Mounting a File System on a Partition Inside of an LVM Volume

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In my linux virtual environment I am using LVM volumes as the backing devices for virtual machines. Each of these LVM volumes contains a partition table splitting the LVM volume into at least one linux partition and one swap partition. In order to access these partitions from the dom0 host itself we can use the kpartx command to create device mapper entries which correspond to each of the partitions.

In this example we want to access the ext3 filesystem contained on the first partition of the “vm_example” logical volume.

[root@vm ~]# lvs
  LV              VG   Attr   LSize  Origin Snap%  Move Log Copy%  Convert
  vm_example      vg0  -wi-ao  6.00G                                      
[root@vm ~]# fdisk -l /dev/vg0/vm_example 
Disk /dev/vg0/vm_example: 6442 MB, 6442450944 bytes
255 heads, 63 sectors/track, 783 cylinders
Units = cylinders of 16065 * 512 = 8225280 bytes
              Device Boot      Start         End      Blocks   Id  System
/dev/vg0/vm_example1               1         653     5245191   83  Linux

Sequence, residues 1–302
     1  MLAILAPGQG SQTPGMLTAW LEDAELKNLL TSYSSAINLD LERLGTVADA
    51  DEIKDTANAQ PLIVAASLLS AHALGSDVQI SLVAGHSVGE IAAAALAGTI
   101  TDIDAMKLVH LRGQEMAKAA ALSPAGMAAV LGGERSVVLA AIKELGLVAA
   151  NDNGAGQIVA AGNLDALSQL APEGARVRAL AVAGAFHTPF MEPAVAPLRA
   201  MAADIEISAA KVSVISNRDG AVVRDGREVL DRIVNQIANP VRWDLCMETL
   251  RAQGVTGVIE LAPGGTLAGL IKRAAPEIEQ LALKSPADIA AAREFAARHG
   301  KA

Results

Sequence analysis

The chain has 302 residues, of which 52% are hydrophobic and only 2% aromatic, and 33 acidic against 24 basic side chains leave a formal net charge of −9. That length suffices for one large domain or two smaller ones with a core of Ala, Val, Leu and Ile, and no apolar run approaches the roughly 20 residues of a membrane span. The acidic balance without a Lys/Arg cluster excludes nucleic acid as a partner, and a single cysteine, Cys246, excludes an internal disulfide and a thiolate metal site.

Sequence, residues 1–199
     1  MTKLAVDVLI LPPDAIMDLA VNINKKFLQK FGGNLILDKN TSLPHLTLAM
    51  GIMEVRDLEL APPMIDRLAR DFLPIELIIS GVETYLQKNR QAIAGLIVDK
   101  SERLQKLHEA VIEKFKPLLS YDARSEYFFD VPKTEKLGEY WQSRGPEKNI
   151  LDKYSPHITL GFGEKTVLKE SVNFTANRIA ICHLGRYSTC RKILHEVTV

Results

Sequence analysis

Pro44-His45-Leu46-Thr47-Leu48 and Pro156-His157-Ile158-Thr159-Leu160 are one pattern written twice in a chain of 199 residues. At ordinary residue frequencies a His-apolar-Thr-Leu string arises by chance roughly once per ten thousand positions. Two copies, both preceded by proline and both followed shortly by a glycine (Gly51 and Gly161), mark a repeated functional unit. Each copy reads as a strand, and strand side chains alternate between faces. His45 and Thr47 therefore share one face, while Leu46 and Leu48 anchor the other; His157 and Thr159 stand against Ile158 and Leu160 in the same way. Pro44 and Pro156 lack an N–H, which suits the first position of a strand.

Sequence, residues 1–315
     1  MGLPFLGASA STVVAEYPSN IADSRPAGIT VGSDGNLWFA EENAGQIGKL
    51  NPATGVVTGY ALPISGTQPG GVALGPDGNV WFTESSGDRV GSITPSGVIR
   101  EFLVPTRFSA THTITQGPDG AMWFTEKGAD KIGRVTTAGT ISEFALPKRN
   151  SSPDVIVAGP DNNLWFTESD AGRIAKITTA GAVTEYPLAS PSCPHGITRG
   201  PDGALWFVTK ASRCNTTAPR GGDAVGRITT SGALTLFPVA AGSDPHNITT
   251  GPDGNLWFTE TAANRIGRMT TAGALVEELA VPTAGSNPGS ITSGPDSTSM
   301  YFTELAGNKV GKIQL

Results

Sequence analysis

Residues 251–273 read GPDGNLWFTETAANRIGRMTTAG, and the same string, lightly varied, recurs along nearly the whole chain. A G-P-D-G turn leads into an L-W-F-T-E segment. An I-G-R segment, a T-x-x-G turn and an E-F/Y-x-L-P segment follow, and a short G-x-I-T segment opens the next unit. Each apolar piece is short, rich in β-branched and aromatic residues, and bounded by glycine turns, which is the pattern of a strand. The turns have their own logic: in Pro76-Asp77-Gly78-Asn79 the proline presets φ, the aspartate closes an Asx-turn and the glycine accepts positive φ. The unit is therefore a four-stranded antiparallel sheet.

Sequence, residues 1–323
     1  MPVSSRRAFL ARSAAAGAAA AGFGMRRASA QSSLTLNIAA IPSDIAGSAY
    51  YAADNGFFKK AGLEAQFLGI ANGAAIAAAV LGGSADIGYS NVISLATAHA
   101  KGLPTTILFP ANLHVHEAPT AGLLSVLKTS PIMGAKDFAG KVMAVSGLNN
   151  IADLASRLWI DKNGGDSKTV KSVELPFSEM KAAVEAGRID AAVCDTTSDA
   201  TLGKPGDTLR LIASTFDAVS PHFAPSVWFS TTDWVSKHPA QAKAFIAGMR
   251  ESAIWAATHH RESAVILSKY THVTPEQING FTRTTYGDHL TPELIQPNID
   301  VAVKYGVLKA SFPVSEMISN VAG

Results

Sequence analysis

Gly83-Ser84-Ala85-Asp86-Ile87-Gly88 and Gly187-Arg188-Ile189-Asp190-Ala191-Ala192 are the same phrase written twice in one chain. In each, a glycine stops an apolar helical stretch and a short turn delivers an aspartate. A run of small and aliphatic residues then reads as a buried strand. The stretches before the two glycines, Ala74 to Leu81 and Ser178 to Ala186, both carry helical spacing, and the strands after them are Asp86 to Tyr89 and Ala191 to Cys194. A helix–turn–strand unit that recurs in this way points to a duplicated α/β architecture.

/dev/vg0/vm_example2             654         783     1044225   82  Linux swap / Solaris

As you can see, partition 1 is type linux and partition 2 is type linux swap. Now we use kpartx with the -a flag to create the device mapper entries for the partitions displayed above.

[root@vm ~]# kpartx -a /dev/vg0/vm_example

And now we can interact with the /dev/mapper devices as you normally would to mount, fsck, etc.

[root@vm ~]# file -s /dev/mapper/vm_example1 
/dev/mapper/vm_example1: Linux rev 1.0 ext3 filesystem data (large files)
[root@vm ~]# file -s /dev/mapper/vm_example2
/dev/mapper/vm_example2: Linux/i386 swap file (new style) 1 (4K pages) size 261055 pages

Then, when you’re finished, clean up with the kpartx -d command. The logical volume will remain in-use until this is done.

[root@vm ~]# kpartx -d /dev/vg0/vm_example